This is my favourite image of our daughter Olivia's marriage to the fine young Tomasz Grabowski in eastern Poland, an hour from Lublin. The musicians came from Warsaw and stayed two days.
So our big fat Polish wedding was the antidote to the heavily orchestrated, anxiety-laden, cosmically expensive affair that we are so used to these days. The party started with our coach crash, fifteen minutes after I had collected fifty English guests from the airport. Nobody was hurt or badly shaken and we adjourned to a bar whilst a replacement arrived. Not your usual kind of icebreaker, it has to be said. (That's the hapless Mercedes owner in the apricot shirt. What a gentleman, he never uttered a word of reproof after we comprehensively ruined his day.)
Olivia and Tom live in London but she was insistent they should go to his family for the wedding. They arrived a fortnight beforehand and set it all up then, including obeying the custom of visiting the Polish guests and inviting them in person. She and I didn't really know what to expect (I arrived three days in advance) but we went with the flow, with a lot of help from the neighbours. It was a stunning community effort. I remember calling my husband to say I was up to my elbows in sausage meat and madly chopping onions with the ladies for the world's largest and most delicious Bigos stew. That was for Day II as it turned out.
The men cut down silver birch saplings from the surrounding plantations and decorated a traditional wooden barn. There was no point interfering and fussing about the mis-en-scene: we'd chosen to do it this way and were delighted that everyone went to so much trouble.
Well, almost.. Instead of a sea of ruched satin and a groaning table of food Polish style, Olivia wanted flowers on white damask tablecloths. I already suspected they'd be polyester with a bluish sheen and yes, she wept when she saw them. Then there was a 'matrimonial' with Tom about the soft drinks in plastic bottles going on the tables but that's about the sum of the pre-nuptial panic. That is, if you discount her reading the riot act to the workers who were making free with the wedding beer out of a nice tap. Naturally there would be vodka - shedloads of the stuff. Champagne was the only thing that came at eye-watering expense but what the hell.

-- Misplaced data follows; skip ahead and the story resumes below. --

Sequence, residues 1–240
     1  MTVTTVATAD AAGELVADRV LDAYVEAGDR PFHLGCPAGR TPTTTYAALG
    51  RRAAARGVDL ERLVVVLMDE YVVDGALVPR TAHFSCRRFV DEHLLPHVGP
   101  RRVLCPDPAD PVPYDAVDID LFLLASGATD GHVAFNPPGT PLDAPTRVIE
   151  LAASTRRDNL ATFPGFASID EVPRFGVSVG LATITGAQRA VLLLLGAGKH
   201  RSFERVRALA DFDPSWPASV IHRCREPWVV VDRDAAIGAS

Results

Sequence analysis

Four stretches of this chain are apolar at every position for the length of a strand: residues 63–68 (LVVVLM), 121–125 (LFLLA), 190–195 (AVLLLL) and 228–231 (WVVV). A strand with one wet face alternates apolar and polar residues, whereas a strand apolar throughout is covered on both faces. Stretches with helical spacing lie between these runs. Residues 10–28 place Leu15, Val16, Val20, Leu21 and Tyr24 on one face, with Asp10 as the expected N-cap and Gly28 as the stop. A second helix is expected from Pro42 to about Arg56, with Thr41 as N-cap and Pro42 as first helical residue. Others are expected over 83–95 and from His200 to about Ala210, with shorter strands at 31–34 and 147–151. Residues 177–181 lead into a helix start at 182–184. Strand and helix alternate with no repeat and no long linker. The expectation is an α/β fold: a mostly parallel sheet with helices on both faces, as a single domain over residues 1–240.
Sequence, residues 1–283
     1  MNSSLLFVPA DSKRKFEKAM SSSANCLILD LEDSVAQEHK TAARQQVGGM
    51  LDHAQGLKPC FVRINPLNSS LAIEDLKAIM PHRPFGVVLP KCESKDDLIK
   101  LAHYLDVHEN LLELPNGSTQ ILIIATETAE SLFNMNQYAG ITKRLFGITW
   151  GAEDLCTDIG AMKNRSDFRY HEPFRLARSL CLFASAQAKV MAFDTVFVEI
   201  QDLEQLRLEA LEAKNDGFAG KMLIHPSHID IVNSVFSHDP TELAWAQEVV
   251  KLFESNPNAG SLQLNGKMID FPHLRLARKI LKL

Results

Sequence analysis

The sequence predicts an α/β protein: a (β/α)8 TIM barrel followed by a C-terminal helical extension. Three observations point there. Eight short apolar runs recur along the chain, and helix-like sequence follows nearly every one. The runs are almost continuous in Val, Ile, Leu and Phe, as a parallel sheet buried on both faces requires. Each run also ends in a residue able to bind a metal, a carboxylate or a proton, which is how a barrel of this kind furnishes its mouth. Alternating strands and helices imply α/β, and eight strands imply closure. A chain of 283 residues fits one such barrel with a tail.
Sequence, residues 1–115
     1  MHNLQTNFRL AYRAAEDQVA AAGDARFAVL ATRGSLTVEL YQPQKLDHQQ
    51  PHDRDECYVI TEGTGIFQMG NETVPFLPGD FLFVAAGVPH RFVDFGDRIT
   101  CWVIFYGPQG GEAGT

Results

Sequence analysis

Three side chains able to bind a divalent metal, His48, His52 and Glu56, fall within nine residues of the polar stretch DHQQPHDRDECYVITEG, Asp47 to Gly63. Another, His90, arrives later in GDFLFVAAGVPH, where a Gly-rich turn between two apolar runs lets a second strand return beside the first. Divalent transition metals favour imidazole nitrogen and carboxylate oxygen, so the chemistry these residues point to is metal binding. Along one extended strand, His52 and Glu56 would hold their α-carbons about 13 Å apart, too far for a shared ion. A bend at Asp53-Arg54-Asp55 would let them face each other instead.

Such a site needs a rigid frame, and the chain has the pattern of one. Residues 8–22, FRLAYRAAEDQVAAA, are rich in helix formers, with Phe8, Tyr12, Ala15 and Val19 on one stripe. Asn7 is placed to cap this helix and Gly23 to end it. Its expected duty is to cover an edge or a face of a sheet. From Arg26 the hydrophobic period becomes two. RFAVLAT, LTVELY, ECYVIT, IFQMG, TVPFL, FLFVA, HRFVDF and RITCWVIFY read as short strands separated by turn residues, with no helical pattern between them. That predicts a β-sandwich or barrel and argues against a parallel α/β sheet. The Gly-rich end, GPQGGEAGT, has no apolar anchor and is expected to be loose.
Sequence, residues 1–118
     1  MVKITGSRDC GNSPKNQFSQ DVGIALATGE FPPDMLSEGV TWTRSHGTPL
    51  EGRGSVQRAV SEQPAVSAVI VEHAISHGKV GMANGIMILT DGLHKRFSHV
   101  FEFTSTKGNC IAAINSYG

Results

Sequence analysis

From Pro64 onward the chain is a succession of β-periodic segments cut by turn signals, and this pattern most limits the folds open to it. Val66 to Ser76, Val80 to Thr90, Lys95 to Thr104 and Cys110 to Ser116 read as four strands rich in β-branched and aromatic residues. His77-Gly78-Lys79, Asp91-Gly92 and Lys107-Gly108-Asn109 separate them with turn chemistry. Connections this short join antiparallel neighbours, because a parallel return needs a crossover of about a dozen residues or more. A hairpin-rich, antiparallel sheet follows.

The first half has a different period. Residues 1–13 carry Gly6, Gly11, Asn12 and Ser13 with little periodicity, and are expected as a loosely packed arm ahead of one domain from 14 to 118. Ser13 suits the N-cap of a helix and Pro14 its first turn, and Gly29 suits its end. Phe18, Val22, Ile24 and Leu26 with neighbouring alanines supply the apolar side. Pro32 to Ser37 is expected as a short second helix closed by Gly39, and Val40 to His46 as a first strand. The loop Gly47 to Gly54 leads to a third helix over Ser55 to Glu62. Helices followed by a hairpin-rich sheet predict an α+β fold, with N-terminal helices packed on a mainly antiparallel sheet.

Incidentally, we were to hear a knocking sound when the party started. Someone was banging in a nail to hang up his jacket.
The bride and her father got to the church on time in the vintage American sedan, despite the fact it had been pulled over for speeding on its way to collect them. A large table decoration of artificial flowers and ribbons fixed to the bonnet (the hood?) by a magnet flew off as they turned a corner but my husband fielded it. He had it in his lap for the rest of way.
Couldn't resist this picture. But I am not going to bore you with the whole church thing.
Suffice it to say that we had found a priest the day before who could speak English. I did think that was cutting it a bit fine. Olivia was four months gone but nobody seemed to mind.
Nobody quite knew who this little old lady was but we were pleased she wanted to join us.
When the newly weds arrived at Tom's parents' little farm, they were greeted with the bread, salt and vodka symbolic of the sustenance, pleasure and vicissitudes of marriage. Glasses hurled over the shoulder, yes!
A latter-day Botticelli's Rites of Spring? The time was early May.
After a shy start to the reception, the Brits and the Poles were soon dancing together (a pair of false teeth flew across the floor which my husband also fielded) between elaborate food dishes that kept on coming. At one point my eldest son exclaimed 'Ah, I see this is the fish and gateau course!' Later, an international football match..
There's the goalie, a young doctor friend of ours, in his morning suit.
Delightful Polish relatives and friends
A pair of our guests about to leave in this, adding a touch of the surreal. That wheatfield had never seen such excitement one way and another.
As night fell, the hog roast arrived in a white van:
No modish cuisine here. Love the banana tusks.
The whole experience was riotously funny, riotously drunken, but I write all this with great affection. We weren't expecting sophistication and got what we really wanted, an authentic gregarious and massively enjoyable rural Polish wedding.